Wednesday, May 24, 2017

I didn’t feel like an ally


I have always felt weird about the term ally, mostly because I tend to see it during my quick glances at Instagram, where vegan white guys post images of themselves at Black Lives Matter protests or chest thumping in support of protests that turn “violent” (I am not a pacifist, so I put violence in quotes as my definition might be different than yours).

I find many of these types of posts done by white guys who basically seem as if they have to scream they are an ally but have made so many missteps in front of me – not only as a woman of color but even as a woman.

Ironically, this has primarily been my experience with white guys – saying random things about women and POC but falling short in person.

I explained this to a friend of mine, pattrice jones, and she explained to me that when my husband Mark and I got married in Massachusetts (we refused to get married in California due to Prop 8), we were acting as allies. Okay, that I got – sort of. I mean, I didn’t feel like I was doing this as an ally but more because it was right.

When something happened recently, it got me thinking again.

Food Empowerment Project (F.E.P.) had an event in San Francisco at a Latino cultural center. As with other events, we put signs up on the bathrooms (the one at the top of my blog) so that all would feel welcome. But people working at the center took issue with the signs and asked us to take them down.

The preparations for the event had already been stressful, but I knew that it would be difficult for me, as the founder of F.E.P., to have an event where people would not feel comfortable. This was not something I could accept, and as a Chicanx, I was a bit perplexed.

I asked to speak to the manager and was told they were not there. The woman who had told my event coordinator that the signs had to be removed said that the person in charge was not there. I asked if I could speak to her. She told me no, she had left for the day; she repeated that we were not allowed to put the signs on the bathrooms and said that they had already received complaints from pregnant women attending another event in the building who said they did not feel safe in the bathrooms because of the signs.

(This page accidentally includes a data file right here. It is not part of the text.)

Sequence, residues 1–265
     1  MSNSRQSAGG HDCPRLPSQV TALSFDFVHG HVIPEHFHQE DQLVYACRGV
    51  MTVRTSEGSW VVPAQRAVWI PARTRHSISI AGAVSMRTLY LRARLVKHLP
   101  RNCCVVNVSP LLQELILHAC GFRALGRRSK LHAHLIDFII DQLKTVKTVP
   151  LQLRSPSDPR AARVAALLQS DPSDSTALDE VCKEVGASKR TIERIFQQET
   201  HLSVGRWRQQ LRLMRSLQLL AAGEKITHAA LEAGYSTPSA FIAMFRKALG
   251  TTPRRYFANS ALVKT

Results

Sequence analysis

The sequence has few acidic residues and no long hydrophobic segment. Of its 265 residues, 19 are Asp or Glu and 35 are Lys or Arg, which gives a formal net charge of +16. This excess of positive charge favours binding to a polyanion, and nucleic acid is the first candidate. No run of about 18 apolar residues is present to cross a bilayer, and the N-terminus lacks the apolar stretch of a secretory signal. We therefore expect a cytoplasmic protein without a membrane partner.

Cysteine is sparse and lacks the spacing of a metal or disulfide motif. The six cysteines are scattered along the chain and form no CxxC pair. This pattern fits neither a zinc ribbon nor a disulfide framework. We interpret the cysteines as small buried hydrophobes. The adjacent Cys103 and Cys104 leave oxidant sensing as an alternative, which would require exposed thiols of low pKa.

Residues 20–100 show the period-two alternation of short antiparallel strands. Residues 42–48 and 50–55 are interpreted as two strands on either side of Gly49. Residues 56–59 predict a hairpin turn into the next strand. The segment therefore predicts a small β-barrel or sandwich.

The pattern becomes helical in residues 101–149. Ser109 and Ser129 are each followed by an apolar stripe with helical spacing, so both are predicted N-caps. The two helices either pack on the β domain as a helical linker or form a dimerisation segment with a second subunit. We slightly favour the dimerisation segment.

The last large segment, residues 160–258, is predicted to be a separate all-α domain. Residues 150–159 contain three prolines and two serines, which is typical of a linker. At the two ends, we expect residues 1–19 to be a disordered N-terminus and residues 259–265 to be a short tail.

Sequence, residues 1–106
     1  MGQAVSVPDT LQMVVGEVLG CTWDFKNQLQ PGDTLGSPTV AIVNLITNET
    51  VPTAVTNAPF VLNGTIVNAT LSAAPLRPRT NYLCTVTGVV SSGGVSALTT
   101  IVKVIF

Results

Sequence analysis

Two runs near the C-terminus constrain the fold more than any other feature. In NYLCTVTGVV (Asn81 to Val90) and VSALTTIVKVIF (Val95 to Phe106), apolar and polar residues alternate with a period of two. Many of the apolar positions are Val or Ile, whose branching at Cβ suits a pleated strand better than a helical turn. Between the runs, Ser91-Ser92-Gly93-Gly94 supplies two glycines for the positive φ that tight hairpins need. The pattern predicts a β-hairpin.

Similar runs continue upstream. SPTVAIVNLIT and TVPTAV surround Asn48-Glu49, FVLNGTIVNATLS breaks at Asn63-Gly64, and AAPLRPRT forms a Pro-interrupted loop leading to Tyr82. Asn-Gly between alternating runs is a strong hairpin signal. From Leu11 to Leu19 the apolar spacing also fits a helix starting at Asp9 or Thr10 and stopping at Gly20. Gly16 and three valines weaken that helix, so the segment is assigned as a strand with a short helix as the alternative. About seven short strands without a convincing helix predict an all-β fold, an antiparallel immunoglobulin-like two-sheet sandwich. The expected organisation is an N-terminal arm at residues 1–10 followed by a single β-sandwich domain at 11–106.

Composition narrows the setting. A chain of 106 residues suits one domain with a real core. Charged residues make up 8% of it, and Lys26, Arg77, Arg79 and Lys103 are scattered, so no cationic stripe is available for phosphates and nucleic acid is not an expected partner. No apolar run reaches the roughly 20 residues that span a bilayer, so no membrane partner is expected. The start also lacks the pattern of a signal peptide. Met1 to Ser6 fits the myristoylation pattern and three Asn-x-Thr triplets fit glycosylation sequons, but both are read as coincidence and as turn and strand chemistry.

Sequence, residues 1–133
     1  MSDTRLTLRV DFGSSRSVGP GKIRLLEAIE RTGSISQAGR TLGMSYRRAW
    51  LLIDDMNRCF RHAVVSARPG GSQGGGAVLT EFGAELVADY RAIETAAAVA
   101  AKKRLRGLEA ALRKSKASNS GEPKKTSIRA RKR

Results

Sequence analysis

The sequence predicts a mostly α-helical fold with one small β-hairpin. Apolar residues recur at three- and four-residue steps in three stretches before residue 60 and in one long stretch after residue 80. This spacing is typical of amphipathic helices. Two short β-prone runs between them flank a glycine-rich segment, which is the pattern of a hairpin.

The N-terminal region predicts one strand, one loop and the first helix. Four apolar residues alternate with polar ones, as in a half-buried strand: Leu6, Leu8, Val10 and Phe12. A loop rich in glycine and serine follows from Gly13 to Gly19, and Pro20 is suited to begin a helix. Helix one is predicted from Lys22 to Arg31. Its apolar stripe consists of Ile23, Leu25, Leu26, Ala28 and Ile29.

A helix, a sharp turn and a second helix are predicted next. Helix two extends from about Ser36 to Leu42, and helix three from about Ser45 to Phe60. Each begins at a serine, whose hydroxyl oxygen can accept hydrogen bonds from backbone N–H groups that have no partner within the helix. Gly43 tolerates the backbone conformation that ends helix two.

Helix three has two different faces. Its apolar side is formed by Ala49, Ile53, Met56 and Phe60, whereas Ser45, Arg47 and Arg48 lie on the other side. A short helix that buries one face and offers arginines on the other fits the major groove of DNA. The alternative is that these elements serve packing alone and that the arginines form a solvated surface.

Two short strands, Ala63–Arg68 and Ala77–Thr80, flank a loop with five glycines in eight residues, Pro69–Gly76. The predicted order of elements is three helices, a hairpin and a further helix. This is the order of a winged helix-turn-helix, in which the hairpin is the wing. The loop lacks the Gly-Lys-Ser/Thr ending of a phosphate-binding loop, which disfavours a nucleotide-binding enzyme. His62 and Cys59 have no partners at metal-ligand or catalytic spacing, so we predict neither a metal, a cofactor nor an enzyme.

As we were discussing this, another employee called the person in charge and just handed me the phone.

I spent half an hour on the phone with this person explaining why it was imperative we have these signs up. When I mentioned that I felt it was discriminatory – a woman sweeping the floor in the front got very angry and said out loud – this is not discriminatory. I continued to try to explain to the person in charge that given how our people had been treated in the past (and even now), we should understand discrimination and should not be participating in it.



I offered a compromise for us to be able to put the signs up after their other events were over and take them off when our event was over. She then explained it would be hard for her staff, so I offered to go up personally and speak to each and every one of them (about 5). I offered to introduce them to any transgender people at our event and how it makes them feel for us to not have these signs up.

She was not interested.

In fact, she had told me that no other organization had ever asked for this to be done―we were the first.

Then I asked her to please put in writing why they felt this was unacceptable and email it to me so that I could share their concerns with the people of San Francisco.

That got her attention. At that point she was interested in my compromise.

I was incredibly upset and on the verge of tears when we hung up.

One of the employees came up and gave me a hug, thanked me, and told me they were so ashamed.

I admit, that there was one point during this argument that I thought she was going to ask us to leave and terminate the event. I was worried because I knew I would accept that versus not having these signs up. Right or wrong, I could only hope the supporters of F.E.P. would understand.

Never once did I feel like an ally. The entire time I just felt like I was doing what was right; I was fighting for everyone to feel safe and equal.

I know that I tend to be very skeptical, but my hope is that everyone who thumps their chests by posting images to show they are an “ally” is actually living their day-to-day lives in this manner and not just doing it for show.

2 comments:

  1. Thank you lauren for your demonstration that ally is a verb! I've written a blog post in response to yours: http://funcrunch.org/blog/2017/05/25/on-restrooms-and-allyship/

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    1. Thank you for sharing your reality Pax and it hurts my heart to think of what you have to go through. Please know I am by your side.

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